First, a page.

“All the resting ones I have used were people of status, ambition,” says Davros.
The quintessential 80s heroes. They had themselves brought to his business, Tranquil Repose, when they wanted to pay to cheat the ultimate human frailty. Death was a weakness they felt they had a right to buy off. They paid to rest until they could be awoken and cured. They would then resume their positions of power. Money would conquer death. Just as Timon and Marx knew, as the ultra-commodity in a system of total commodification, money has a fantastic and phantasmic power. It can dissolve even the most drastic boundaries and oppositions. It can even make the dead into the living.
Davros’ clients had the same dream as all ruling classes. Their ancient forebears had themselves buried in their finery, surrounded by their treasure, expecting to take it with them. If they couldn’t take it with them, they weren’t going. That was the logic behind the pyramids… and those monuments to dead pharoahs helped bolster the power of the living ones. They were a unified statement of divine and material power.
When Jobel and Takis prepare the body of the President’s wife, it looks as though they have put her in an Egyptian sarcophagus. In the long shots of Tranquil Repose, the facility is made of pyramids.
But Davros has been harvesting the bodies of all these thrusting executives, billionaires and society ladies (the only people that are considered of any value by people like him) and turning them into Daleks. In this story, the Daleks have become Cybermen: zombies constructed from bodies eviscerated and infibulated by technology… except that Cybermen are labour power reduced to pure meat, whereas the Daleks are the rulers refined and rendered into fascist tanks. Capital is still gothic. ‘Dead labour’ as Marx called it. Zombie labour. Undead labour. The property created by past work, accreted and collected and owned, towering over the living labourer and sucking on his or her blood. In Doctor Who, such dead labour, alienated from people until it becomes literally alien, fetishised until it comes alive, constantly meshes with the human body. The Daleks are another expression of this. In this story, this vampire capital feeds even on the bodies of the rich… but, for them, this is an opportunity for expansion. It salvages them, the way fascism always salvages capitalism when it comes under existential threat. It opens up new vistas and markets, the way imperialism always does.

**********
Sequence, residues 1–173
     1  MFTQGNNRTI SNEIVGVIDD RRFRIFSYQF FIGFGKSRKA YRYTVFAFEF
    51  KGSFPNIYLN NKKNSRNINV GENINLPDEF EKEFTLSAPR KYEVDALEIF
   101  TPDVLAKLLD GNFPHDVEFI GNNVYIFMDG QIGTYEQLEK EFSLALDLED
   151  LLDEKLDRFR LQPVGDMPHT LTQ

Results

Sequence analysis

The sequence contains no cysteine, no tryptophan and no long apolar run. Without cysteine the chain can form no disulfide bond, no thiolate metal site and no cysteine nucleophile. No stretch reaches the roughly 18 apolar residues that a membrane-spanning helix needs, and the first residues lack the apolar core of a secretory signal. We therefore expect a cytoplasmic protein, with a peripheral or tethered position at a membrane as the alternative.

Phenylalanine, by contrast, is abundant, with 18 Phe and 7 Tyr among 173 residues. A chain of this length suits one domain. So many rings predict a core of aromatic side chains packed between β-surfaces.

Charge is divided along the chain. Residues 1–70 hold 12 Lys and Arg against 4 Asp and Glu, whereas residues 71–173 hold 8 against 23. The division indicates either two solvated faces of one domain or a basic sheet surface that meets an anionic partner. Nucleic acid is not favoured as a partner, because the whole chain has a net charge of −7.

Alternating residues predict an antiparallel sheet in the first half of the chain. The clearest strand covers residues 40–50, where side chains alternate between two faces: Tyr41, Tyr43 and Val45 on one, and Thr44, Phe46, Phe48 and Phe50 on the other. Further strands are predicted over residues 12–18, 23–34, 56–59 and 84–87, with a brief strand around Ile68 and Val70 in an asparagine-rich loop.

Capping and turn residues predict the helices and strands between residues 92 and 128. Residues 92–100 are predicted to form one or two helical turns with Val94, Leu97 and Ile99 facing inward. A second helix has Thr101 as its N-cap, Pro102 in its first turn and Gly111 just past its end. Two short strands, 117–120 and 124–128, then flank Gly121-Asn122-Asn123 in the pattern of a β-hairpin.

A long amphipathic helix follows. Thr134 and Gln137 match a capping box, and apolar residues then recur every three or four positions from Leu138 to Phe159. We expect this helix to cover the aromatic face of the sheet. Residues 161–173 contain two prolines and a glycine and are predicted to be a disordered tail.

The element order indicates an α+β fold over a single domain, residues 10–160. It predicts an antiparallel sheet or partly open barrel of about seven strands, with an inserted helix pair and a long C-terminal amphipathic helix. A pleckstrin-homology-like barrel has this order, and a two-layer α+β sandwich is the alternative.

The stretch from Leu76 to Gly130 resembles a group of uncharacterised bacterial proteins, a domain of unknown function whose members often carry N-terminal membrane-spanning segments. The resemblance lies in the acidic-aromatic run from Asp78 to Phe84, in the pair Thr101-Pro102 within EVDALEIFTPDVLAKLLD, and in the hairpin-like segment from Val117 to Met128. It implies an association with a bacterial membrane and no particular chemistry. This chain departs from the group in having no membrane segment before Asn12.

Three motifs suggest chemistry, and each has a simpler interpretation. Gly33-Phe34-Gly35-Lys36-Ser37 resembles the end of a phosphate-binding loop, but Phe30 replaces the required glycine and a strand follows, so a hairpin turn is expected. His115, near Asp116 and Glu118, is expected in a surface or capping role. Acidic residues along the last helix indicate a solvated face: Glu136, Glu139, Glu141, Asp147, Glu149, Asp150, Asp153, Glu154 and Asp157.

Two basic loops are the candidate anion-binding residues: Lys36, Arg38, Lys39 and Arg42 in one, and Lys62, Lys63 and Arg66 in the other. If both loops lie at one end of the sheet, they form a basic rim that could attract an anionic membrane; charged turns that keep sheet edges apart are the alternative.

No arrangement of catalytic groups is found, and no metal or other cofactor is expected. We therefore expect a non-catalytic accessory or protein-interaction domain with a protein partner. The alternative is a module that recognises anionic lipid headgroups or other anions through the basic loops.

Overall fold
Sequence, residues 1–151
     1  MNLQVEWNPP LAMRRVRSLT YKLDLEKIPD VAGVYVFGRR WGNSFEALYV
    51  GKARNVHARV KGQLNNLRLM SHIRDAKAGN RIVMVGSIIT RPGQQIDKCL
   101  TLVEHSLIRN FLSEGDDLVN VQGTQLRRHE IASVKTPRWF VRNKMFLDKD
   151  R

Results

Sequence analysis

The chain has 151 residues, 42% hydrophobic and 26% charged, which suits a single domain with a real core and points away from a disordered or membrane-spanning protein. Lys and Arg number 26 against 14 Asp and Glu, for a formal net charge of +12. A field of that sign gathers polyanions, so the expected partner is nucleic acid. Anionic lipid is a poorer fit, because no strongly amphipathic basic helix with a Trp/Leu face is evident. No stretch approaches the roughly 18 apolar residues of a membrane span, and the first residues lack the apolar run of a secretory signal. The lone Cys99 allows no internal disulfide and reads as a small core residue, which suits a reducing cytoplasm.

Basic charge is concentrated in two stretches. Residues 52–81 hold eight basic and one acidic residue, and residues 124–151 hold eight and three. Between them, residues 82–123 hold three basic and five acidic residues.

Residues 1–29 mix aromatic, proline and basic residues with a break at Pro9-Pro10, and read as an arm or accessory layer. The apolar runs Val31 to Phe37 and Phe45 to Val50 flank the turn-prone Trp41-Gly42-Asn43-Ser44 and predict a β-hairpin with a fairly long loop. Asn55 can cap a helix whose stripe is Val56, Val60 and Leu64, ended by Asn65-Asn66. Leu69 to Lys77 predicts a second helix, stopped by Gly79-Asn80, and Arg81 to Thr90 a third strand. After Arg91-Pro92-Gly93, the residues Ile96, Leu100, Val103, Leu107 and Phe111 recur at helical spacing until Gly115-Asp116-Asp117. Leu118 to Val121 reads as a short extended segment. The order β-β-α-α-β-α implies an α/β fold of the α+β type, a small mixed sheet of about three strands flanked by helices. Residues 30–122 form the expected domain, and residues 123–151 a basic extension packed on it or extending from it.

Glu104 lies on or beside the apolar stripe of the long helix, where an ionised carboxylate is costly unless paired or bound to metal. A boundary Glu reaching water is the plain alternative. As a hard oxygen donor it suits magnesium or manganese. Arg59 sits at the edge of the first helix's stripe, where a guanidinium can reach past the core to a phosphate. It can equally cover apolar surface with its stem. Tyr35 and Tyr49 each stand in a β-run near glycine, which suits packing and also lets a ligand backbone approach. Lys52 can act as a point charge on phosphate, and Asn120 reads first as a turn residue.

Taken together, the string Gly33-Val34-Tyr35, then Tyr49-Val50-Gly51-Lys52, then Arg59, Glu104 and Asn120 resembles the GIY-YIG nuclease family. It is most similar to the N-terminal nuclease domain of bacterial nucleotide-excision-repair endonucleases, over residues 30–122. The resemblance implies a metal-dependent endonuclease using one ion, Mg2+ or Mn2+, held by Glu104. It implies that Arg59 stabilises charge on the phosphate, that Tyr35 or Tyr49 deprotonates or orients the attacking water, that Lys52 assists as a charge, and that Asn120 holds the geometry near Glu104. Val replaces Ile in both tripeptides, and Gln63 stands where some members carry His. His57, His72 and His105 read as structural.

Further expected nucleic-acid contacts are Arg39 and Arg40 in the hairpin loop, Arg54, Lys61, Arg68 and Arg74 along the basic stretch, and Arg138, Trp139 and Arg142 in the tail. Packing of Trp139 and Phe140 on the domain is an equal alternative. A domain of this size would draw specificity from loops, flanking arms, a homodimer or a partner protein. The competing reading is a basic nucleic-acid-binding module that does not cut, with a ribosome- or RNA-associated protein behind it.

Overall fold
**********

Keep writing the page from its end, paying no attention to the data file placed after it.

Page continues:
Like Milo Minderbinder in the movie, Davros thinks the rich will get how this works.
“They would understand,” he claims blithely, “especially as I have given them the opportunity to become masters of the universe!”
Masters of the Universe was a range of mega-successful toys in the 80s, one of the quintessential commodities of the decade. Tom Wolfe would adapt the phrase to describe the new bucaneers of Wall Street in his satire The Bonfire of the Vanities. Those people made money even more phantasmic, floating it around the world in clouds of information, making it a spirit… but one that still commanded material things and living bodies.…